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Musings of a librarian, former archivist, musician, bibliophile, and tech-obsessed.

Entries in Digital Collections (13)


The most exciting Monday in a while!

If you follow me on twitter, you know I was tweeting the ARSC conference from Wednesday to Saturday. I spent part of last night and this morning following new people on twitter, and then came upon a message saying "Congrats" with a link from Ars Technica. It posted Sunday evening, after I had signed off from the digital world to decompress after a long week. I knew this article was coming, but I didn't know when.

I feel honored that I was asked for this interview, out of my many qualified colleagues, and I thank Chris from Ars Technica for taking the time over two months, and especially for getting the technical parts so perfectly! That's not always easy in our field! We may be doing a follow-up article on some of the specific technologies in digital libraries and archives once things calm down a bit (I need to catch up on real work after being out for about a week). If there is a follow-up, I'll post it when I can!


So you're setting up a centralized digitization program...

I've been neglecting my duty of sharing my experiences over the last several months. Part of that is because I've been so busy adjusting to a new job and attending conferences (Computers and Libraries, MARAC in Cape May, NJ, and soon ARSC), but I've also been doing things in my non-librarian life, such as joining a new orchestra and getting more involved in the DC Alumnae Chapter of Sigma Alpha Iota, a professional music fraternity.

I also haven't done that much of general interest at work yet. I've been preoccupied with reading manuals, guidelines, and policies that have been created since the initiation of a digital collections program in the UMD Libraries, creating a budget for a new unit, researching new equipment for the expanded conversion and reformatting services, and managing a large-scale digitization project with end-of-year funds. Yesterday, I completed the first 64 pages of an analysis of digital conversion and reformatting across the Libraries, and a plan for the new Digital Conversion and Media Reformatting Unit at UMD Libraries. I have to add several sections to the document, yet, and hold additional one-on-one interviews with my initial 23 stakeholders, but the initial survey that I created provided me with enough information to draft this much. I've also been working to update audiovisual digitization standards that haven't been done in about 5 years, or so. Thanks to some conversations with some great people in the area, I've also been able to add some information and find out about some very new resources created by FADGI and NDIIPP; my lunch and conversation with Jimi Jones was particularly helpful!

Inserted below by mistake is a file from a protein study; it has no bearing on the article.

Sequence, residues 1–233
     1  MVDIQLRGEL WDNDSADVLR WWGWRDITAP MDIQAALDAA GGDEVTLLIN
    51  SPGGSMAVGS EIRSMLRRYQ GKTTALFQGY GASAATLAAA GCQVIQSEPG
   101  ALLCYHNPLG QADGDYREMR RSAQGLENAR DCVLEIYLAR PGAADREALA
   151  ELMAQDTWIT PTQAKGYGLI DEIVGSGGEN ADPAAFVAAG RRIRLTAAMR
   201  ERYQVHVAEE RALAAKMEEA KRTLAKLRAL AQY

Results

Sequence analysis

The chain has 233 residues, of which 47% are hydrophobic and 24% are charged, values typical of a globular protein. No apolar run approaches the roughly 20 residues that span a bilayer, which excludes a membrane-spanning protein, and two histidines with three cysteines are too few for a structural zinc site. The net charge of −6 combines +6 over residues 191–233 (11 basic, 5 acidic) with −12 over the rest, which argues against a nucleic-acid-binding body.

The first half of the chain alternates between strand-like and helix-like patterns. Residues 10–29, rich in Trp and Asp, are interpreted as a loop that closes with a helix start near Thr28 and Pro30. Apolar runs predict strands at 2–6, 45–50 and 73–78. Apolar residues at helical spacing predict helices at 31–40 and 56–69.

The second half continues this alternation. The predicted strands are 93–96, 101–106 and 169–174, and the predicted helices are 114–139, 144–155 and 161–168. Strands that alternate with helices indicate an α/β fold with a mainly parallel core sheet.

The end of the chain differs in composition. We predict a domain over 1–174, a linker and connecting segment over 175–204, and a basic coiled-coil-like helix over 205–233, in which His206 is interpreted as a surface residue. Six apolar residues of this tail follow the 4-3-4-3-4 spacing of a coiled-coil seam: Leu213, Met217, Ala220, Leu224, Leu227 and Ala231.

I do hope to work with the Libraries and have our new and revised guidelines posted online, available to the public as soon as they are completed and approved. So far, I've had a very productive first three months!



As part of my work on the Digital Practices Committee, I have been researching several digital collection platforms to replace Greenstone as our viewer platform which sits over DSpace. Our group is jointly pursuing the initiative to create a better digital collections experience. At out meeting last week, we agreed that we would each pick one platform out of the possible platforms, and analyze the functionalities of the platform. I got VuDL, which was engineered by the Villanova Digital Library.